This study evaluates the validity of subjective health measurement for racial/ethnic comparisons in the United States, by assessing whether allostatic load (AL) is equally associated with poor/fair self-rated health (SRH) for different racial/ethnic groups. This study used data from the National Health and Nutrition Survey (NHANES) for 2006–2010. Multivariable logistic regression models were fit and stratified by race/ethnicity to study the association between AL and poor/fair SRH. Higher levels of AL were associated with higher odds of reporting poor/fair SRH. However, this association differs by race/ethnicity. Analysis of interactions and racial/ethnic-stratified models suggest that AL is less associated with poor/fair SRH status for non-Hispanic Blacks and Hispanics populations. These results demonstrate that subjective health ratings potentially underestimate actual measures of biological health risk, especially for racial/ethnic minorities. As a result, population-based assessments of racial/ethnic health disparities based on SRH may be significantly understated.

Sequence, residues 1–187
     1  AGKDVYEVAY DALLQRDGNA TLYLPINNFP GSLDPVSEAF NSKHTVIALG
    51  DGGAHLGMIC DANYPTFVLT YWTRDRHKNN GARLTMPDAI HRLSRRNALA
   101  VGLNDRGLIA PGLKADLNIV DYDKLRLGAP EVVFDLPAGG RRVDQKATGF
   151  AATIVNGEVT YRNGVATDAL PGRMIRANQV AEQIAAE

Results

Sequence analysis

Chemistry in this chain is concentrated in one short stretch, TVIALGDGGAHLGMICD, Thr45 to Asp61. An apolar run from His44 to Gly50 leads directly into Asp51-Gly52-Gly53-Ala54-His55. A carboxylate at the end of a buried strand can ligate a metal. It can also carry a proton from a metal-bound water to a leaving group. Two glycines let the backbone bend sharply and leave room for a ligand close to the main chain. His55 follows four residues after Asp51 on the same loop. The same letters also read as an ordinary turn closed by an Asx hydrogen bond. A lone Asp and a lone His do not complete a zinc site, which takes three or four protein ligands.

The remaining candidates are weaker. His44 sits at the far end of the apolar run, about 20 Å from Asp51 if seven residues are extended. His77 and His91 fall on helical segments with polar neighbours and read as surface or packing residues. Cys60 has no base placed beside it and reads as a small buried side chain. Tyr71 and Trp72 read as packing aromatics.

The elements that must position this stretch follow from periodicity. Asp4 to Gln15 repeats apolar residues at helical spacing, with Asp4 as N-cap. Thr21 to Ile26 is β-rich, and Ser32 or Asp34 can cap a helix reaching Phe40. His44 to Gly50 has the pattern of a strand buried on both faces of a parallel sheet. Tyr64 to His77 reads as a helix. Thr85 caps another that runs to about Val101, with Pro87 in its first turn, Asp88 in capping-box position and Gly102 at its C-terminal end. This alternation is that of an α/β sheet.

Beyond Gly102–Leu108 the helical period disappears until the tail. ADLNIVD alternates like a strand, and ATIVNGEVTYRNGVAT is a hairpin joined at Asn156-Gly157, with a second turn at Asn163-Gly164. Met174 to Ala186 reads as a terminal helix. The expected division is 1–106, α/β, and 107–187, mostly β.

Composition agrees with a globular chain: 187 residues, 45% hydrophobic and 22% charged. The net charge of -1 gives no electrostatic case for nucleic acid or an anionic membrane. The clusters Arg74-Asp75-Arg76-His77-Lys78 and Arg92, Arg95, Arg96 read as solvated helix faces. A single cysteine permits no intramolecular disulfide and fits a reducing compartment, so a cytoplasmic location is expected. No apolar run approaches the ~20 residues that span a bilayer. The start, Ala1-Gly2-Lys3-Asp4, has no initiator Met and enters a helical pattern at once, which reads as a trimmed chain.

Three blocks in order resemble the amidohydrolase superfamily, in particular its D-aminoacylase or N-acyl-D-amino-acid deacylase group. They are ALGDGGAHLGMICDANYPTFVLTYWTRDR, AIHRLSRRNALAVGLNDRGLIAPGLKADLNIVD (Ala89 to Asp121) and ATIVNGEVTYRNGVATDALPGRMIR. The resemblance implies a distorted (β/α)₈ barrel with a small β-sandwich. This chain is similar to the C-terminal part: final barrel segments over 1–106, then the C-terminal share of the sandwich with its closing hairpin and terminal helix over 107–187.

All Science Journal Classification (ASJC) codes
- Ecology, Evolution, Behavior and Systematics